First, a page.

If you went with any Toyotie Truck from the 80’s or 90’s they would be very familiar to most any mechanic you mite come across. Those trucks are a staple in 3rd world areas. I think the Tacoma with its truck bed will suit you…depends on how many people are going and how much gear you are bringing… With 2 people the pickup should suit you…there are almost endless rigs you can use when camping out in a pickup truck bed…Tho with a cap you get limited…if the bed was open they make things you can rig up in and on the back of pickup beds…the variety is endless. A FULL size pickup bed with a cap could house both of you…hopefully the other person is a Female as it would be a little “Brokeback Mountain” on you with 2 guys squeezed in a mid size pickup bed with a cap…

Man I wish I could go with you…now thats a ROAD TRIP MAN!!!.. AND I’m a Mechanic…nothing like having your own on board mechanic…eh?


#9

Do you think it’ll be able to handle the rough roads?


#10

Are all Astro’s and Aerostar’s built on truck frames? Im definitely worried about the offroad capabilities.


#11

Thanks for the advice. I’m putting the Pathfinder on my list.


#12

There is no road between Panama and Columbia…The Darien Swamp…You will have to ship the vehicle between Colon, Pamama and Buenaventura, Columbia…The cost of this adventure, the difficulty and expense of obtaining the necessary vehicle import permits and insurance is daunting…You will be lucky to make it to Panama…Sleeping in the car?? That’s suicide…


#13

I also think a pickup + cap is the way to go. An Econoline is huge for the narrow winding roads, isn’t (usually) 4wd, and uses LOTS of gas.


#14

It seems like everyone’s loving on the 4 Runner. I would have liked a little more space, but I think being able to handle the road is more important.
However, I don’t link the truck idea because it separates me from my stuff while driving. Also, I’d hate to have the truck stolen while asleep in the back. Trucks are a popular target for thieves.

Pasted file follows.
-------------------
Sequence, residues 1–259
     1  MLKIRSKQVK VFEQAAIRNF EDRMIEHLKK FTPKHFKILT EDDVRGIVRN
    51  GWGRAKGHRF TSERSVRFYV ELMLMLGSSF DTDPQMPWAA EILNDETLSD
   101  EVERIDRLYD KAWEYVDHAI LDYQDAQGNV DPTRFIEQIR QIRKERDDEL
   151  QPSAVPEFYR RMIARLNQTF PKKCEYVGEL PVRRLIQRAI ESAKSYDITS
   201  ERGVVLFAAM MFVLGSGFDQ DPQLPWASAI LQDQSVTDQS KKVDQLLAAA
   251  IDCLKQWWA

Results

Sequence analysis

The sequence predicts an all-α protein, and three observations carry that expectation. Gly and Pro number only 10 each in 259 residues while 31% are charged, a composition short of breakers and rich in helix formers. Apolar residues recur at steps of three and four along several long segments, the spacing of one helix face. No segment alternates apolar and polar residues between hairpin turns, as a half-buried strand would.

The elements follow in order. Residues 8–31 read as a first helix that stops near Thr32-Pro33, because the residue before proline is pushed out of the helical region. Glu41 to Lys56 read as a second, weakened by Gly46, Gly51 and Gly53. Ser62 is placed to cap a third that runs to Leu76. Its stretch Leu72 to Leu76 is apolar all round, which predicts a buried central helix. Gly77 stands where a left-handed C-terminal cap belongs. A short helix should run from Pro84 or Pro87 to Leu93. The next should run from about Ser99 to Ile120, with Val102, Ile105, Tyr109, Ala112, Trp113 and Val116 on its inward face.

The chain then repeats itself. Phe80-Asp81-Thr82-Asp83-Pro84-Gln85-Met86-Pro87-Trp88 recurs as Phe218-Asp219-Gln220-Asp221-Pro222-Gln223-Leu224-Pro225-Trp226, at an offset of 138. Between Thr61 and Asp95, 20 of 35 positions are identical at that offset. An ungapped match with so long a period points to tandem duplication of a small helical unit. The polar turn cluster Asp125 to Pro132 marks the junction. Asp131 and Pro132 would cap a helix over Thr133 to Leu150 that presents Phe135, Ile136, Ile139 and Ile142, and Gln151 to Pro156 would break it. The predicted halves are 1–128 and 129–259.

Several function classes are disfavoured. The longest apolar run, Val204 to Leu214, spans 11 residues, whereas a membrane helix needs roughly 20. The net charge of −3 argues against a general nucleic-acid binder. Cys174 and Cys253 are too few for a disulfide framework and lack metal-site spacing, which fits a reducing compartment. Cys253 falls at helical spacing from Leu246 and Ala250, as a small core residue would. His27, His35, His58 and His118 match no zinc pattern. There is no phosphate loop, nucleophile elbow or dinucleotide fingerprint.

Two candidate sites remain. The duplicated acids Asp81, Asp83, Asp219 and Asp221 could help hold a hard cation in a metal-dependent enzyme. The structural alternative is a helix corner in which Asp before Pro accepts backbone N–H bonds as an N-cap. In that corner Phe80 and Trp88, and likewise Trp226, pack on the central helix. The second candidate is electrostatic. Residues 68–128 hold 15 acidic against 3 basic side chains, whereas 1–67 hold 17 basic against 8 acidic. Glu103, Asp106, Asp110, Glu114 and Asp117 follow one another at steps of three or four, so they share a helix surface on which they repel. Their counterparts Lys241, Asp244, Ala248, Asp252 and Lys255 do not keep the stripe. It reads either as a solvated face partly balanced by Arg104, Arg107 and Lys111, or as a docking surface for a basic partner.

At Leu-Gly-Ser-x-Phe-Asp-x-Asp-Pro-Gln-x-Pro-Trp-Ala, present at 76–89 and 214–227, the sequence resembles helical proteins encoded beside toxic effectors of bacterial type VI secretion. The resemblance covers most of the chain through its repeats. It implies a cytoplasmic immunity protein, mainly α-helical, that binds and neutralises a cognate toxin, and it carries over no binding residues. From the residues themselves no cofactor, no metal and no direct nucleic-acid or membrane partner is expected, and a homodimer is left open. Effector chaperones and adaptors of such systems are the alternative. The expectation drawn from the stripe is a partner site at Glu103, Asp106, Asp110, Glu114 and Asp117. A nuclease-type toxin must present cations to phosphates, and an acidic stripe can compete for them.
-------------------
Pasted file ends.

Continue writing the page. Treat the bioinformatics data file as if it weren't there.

On board mechanic would be sick. It would be really interesting if I could get a lot of people together and caravan. Originally, the roadtrip was a solo or maybe a 2 person trip, but perhaps it could be a large caravan. My only problem is that I’m a photographer and as such would like to stop randomly, and of course the freedom of not having to adhere to a caravan, but perhaps if the caravan gets big enough it won’t matter.


#15

yeah, but the two gas tanks and very spacious size sound very nice. Although crossing the Bolivian Road of Death in a Econoline would be extra scary.


#16

Why is sleeping in the car suicide? just stay outside of cities or in garages.

Where there’s a will, there’s a way.


#17

Aerostar is on a Ford Ranger platform and Astro shares it with the S10 pickup. Both have AWD available.


#18

You can pay $10-$15 nite for places with inside parking.

Theft is very high especially in certain places for Gringo cars with US plates.


#19

I have dual citizenship with Mexico, so I’m going to get Mexican plates on the car hahaha.


#20

You have to remember as far as parts go, many of the places you visit mechanics may think 3 out of 5 lug nuts is fine on the mountain roads. 70’s or 80’s vintage chevy etc you might be able to find a mechanic.